The conversation turns darkly political. Moore says Trump is bringing his country — a country built on the backs of his people, he emphasizes — back to the days of enslavement. It’s understandable considering the dark times America is currently mired in, particularly for people of color such as Moore.
Still, the positive mental attitude of bands that inspired him — bands that would become contemporaries — is never far from his mind.
“If you put your music and your art first, and you write about some of these people, like that asshole in the White House,” Moore says, raising up out of the muck of several minutes’ worth of hashing out the worst of the situation, “you come up with some real good music and art. It could be a golden time for this, as far as creators.”
No matter what the world may throw at him, and in spite of the fact that he might still be famous but not rich, Moore remains at heart a bearer of light and a seeker of truths found in intoxication and in sobriety. Neither corner the market on what is real. Each is simply part of the same puzzle where all the pieces may never reveal themselves. Music and art, they just help us find more of them.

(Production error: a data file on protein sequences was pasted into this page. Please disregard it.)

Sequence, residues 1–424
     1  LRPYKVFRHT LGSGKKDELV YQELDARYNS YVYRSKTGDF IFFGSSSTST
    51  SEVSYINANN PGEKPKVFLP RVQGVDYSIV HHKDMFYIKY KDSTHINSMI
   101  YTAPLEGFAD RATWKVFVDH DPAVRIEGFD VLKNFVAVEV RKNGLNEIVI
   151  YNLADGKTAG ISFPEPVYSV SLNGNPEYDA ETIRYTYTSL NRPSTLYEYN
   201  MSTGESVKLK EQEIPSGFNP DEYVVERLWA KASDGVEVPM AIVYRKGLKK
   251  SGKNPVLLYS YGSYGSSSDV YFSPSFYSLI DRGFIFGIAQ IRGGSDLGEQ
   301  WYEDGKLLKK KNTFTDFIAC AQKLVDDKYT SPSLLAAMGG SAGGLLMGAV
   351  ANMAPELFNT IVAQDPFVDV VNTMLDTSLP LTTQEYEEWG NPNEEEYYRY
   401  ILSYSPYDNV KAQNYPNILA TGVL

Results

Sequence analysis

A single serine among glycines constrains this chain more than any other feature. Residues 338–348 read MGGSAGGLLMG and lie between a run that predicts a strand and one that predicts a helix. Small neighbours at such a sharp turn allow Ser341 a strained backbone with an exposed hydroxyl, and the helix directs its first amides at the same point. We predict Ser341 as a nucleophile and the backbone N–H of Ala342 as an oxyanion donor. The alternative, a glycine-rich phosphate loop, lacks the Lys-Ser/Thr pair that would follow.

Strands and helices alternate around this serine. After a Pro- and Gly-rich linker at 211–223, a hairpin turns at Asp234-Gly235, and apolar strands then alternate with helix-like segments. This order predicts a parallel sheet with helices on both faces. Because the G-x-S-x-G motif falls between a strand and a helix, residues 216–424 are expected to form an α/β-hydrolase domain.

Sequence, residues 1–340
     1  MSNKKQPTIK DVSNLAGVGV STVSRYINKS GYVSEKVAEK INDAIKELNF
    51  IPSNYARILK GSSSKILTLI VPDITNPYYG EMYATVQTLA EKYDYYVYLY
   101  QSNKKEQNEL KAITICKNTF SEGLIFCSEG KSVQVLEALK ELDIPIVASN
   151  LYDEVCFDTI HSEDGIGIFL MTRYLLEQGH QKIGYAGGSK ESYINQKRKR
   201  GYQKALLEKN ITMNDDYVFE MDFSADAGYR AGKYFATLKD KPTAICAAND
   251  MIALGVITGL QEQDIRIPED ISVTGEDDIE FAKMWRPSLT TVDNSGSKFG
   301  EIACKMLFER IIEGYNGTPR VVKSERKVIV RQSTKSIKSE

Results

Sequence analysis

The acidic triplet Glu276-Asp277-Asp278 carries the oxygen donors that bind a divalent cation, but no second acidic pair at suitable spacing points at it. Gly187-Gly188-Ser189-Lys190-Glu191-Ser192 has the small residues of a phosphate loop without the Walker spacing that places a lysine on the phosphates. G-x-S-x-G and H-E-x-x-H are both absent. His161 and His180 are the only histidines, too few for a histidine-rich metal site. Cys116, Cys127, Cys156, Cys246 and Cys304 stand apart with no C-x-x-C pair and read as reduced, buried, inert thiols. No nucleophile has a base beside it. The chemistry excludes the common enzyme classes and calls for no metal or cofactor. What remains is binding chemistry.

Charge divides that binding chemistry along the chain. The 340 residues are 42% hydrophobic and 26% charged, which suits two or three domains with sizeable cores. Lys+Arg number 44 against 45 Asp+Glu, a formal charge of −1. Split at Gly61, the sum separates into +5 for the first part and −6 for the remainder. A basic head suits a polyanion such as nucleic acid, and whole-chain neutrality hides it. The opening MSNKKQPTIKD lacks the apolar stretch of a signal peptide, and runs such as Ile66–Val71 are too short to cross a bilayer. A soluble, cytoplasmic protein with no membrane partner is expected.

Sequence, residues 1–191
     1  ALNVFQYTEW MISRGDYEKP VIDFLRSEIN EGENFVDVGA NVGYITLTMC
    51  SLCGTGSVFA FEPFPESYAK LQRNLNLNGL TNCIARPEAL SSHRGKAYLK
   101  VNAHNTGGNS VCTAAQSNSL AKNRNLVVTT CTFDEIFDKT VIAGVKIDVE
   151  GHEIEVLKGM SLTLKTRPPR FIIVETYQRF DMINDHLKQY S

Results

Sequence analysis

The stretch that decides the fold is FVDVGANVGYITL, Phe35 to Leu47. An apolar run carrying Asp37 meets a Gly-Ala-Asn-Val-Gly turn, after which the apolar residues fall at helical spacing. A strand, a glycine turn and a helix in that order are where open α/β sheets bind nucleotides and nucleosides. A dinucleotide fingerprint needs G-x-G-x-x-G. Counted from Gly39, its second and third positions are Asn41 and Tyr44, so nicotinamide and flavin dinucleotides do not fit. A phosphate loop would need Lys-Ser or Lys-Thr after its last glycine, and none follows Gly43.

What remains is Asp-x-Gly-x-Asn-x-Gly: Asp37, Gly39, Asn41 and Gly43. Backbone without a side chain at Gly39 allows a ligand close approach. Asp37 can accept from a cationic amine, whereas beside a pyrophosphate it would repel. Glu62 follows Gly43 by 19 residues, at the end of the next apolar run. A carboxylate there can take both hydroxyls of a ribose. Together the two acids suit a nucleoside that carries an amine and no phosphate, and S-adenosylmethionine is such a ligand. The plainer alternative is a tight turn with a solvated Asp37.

“It’s a lot of fun on The Brand New Step,” he says as the conversation draws to a close on a high when it could so easily have remained focused on the negative, a microcosm of the way Moore has always managed to coax sunshine from the shadows.
“As a matter of fact, with the Brand New Step, I got some of the most positive batch of lyrics, more than I did with Fishbone or the Missing Link. It’s the brightest I’ve ever got,” he says.
To the consternation of its biological father — China — the young nation of Taiwan seems to prefer its step-dad, Japan. When the latter was forced out, a semi-modernized iteration of the former returned. And just as some people thrive as adults, despite an unstable childhood, Taiwan has become a democratic success. Unfortunately, the island’s biological father behaves like a parent who is no use, yet who continues to meddle. A combination of rose-tinted retrospection and growing mutual respect has given many Taiwanese a highly positive attitude toward Japan. Physical reminders of the 1895-1945 period of Japanese rule are treasured,